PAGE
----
Occupational Health Rapid Process Improvement
Clackamas County Public Health Division has improved its onboarding processes to ensure that occupational health requirements are met within 30 days after hiring new employees and annually thereafter to ensure that risk is low and that employees and clients are safe and healthy.
TO: Implement an occupational health process for employees to meet federal, state, and local immunization; bloodborne pathogen (BBP); and tuberculosis (TB) control requirements.
FOR: Minimizing the health risks of each division’s personnel.
SO THAT: Staff and clients are safe and healthy and Clackamas County’s liability risks are limited (or eliminated).
HOW (measures of success):
- Onboarding measure: By February 2015, all new hires within the Clackamas County Public Health Division will meet their occupational health requirements within 30 days of being hired (baseline: 5% met the 30-day target).
- Ongoing measure: By July 2015, all Clackamas County Public Health Division staff members will be current on their annual occupational health requirements (baseline: 33%).
Organization that conducted the QI initiative:
Clackamas County Public Health Division
Mason, P. Public Health Quality Improvement Exchange. Occupational Health Rapid Process Improvement. Mon, 05/02/2016 - 13:22. Available at https://www.phqix.org/content/occupational-health-rapid-process-improvement. Accessed May 31, 2023.
Background and Aim
Implement an occupational health process for employees to meet federal, state, and local immunization; BBP; and TB control requirements.
Need For The QI Initiative:
The public health director sponsored the creation of a Lean rapid process improvement project (Kaizen event) made up of key stakeholders within the health department to present recommendations on a revamped process for occupational health.
Area for Improvement:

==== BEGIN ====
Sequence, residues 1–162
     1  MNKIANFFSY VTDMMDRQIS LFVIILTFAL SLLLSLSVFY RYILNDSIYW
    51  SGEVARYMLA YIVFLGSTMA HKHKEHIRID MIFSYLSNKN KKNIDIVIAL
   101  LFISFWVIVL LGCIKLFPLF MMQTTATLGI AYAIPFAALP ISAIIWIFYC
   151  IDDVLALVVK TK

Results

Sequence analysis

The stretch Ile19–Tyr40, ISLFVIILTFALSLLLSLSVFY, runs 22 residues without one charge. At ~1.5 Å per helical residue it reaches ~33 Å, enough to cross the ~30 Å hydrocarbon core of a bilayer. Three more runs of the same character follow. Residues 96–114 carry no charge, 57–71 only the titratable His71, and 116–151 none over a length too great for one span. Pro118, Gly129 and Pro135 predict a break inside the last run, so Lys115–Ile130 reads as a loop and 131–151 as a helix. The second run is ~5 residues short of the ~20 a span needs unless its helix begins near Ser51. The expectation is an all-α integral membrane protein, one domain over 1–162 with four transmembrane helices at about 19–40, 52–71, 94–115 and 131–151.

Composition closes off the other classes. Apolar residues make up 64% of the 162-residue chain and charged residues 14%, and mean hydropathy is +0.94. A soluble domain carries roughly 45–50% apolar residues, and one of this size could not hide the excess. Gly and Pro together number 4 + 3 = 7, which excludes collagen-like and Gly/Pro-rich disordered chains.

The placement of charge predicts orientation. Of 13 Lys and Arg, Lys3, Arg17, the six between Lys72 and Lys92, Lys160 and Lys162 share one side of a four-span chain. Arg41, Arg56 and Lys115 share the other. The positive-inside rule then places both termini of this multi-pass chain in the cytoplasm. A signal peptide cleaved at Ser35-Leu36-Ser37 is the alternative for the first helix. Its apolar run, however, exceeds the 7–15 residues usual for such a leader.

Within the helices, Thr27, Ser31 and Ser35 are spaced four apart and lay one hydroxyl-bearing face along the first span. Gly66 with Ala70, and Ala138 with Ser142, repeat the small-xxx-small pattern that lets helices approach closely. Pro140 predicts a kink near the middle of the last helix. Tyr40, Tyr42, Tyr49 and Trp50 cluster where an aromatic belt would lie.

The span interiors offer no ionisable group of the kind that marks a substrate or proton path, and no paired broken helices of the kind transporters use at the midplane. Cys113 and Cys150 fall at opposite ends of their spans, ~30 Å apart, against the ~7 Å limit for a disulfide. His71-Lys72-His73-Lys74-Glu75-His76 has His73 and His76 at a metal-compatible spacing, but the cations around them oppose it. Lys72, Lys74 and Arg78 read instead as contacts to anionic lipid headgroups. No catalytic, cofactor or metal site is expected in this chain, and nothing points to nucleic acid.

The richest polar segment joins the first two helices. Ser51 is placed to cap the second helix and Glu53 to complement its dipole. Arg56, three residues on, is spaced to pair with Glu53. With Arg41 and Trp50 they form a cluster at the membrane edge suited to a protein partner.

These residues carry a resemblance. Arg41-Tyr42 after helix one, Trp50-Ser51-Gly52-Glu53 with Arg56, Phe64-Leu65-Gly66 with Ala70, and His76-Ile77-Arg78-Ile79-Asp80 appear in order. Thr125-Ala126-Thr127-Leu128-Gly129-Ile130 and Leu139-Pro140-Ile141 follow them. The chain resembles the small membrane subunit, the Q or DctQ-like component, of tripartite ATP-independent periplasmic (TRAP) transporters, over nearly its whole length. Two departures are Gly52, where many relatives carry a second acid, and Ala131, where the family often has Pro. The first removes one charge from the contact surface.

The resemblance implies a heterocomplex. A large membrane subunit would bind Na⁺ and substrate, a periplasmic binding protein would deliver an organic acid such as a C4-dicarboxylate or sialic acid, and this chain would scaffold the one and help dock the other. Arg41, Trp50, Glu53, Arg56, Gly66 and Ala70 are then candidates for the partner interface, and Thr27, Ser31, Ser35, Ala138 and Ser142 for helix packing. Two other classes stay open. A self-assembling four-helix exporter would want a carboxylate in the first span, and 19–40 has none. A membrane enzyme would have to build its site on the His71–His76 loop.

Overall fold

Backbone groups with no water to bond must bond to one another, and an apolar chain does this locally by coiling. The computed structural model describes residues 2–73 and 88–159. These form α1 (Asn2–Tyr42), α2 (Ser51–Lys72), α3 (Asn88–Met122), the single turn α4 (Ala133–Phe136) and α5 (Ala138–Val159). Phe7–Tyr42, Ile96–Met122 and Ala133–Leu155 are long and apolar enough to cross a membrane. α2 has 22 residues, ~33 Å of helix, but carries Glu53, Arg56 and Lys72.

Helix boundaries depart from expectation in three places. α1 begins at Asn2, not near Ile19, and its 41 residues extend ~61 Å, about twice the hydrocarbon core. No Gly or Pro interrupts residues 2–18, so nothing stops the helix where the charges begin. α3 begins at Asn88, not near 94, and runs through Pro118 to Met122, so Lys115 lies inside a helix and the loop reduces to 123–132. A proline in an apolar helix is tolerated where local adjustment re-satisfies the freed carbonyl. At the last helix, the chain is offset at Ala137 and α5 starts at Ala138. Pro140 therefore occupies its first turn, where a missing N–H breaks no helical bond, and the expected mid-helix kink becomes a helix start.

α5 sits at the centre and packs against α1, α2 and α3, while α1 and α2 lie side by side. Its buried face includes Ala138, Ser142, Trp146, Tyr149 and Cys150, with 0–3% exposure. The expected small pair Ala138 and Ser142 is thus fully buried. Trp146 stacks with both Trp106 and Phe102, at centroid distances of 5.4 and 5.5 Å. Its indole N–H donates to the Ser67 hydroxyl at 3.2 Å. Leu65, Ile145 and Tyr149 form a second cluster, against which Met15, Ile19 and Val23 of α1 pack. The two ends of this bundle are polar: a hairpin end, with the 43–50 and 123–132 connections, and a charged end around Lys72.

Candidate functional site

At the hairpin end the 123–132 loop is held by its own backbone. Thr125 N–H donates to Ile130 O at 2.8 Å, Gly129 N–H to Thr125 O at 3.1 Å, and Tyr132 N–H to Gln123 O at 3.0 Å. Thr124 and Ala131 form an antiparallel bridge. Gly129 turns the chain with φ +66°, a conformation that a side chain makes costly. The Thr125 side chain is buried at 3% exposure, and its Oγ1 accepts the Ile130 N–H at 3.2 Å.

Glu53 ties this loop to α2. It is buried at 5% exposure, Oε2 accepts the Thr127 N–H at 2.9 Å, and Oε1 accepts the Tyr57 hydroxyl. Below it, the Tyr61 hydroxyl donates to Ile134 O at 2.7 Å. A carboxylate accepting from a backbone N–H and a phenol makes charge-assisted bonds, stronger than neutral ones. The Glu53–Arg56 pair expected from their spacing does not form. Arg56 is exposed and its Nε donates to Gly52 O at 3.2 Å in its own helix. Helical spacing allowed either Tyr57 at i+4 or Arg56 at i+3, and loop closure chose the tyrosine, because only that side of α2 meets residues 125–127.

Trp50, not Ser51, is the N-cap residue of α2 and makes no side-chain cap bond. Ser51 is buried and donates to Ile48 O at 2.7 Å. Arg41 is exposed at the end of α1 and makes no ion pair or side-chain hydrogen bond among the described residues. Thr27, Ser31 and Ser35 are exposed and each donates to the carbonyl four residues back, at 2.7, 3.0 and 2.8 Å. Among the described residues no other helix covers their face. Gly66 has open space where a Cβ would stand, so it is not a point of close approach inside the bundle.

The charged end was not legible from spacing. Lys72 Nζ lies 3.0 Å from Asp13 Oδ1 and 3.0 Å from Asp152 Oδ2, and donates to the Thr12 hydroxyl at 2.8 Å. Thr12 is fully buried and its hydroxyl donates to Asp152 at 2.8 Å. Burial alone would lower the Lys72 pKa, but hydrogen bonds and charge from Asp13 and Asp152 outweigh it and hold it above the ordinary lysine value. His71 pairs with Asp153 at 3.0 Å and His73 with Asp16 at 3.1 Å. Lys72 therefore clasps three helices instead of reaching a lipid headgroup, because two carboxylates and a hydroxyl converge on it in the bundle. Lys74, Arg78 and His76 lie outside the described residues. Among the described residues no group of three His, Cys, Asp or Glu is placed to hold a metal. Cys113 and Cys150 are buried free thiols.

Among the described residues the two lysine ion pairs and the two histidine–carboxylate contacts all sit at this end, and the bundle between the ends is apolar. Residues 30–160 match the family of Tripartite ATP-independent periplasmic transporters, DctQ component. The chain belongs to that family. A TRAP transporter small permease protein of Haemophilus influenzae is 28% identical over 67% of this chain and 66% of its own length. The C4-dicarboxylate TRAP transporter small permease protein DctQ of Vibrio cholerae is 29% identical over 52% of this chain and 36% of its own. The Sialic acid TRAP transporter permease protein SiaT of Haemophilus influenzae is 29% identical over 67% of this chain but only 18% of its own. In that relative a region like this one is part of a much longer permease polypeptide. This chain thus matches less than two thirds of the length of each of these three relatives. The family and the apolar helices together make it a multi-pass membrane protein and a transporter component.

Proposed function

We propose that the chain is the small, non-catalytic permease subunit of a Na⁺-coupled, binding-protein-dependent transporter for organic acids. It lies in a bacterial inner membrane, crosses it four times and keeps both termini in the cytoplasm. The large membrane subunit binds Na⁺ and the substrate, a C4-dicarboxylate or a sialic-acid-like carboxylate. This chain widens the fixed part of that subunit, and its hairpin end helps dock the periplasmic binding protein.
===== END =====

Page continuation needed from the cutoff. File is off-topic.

According to the Clackamas County Risk Manual, state statutes, and guidance from the Centers for Disease Control and Prevention, specific ongoing occupational health requirements must be required for all organizations that employ at-risk health care workers (HCWs). In the past, the Communicable Disease Program had reviewed and kept occupational health records for all health department employees. Since an internal reorganization, along with changes in personnel and competing priorities, these roles needed to be evaluated and a new sustainable process needed to be developed for the health department.
Onboarding and ongoing root causes were as follows: • The laws and guidelines are not considered for HCWs in the county’s onboarding process. • Procedures for permanent, temporary, contractors, volunteers, and students/interns related to occupational health are unclear. • Job classifications need to be updated. • Time frames for completing requirements are unclear. • There is a disconnect between supervisors and human resources liaisons for the occupational health portion of onboarding. • Who houses records? Departments or the Department of Employee Services? BBP root causes included the following: • The BBP control plan needs updating. • Tracking and timeliness of annual refreshers are a concern. • Trainings are inconsistent. Immunization review root causes included the following: • Immunizations are not reviewed by a qualified person. • Immunizations cannot be provided to staff in-house with a current vaccine inventory. • Maintaining vaccines is costly.
Planning and Execution Details
• Day 1: Discuss current issues. Begin learning and researching all occupational health requirements with subject matter experts (SMEs). • Day 2: Finalize researching all occupational health requirements. Perform affinity charting. • Day 3: Conduct cost-benefit analysis and gain consensus on recommendations. • Day 4: Present cost-benefit analysis to leadership for decision making. • Day 5: Develop new process. Assign any remaining action items. • Day 6: Present new process to leadership. Begin implementation.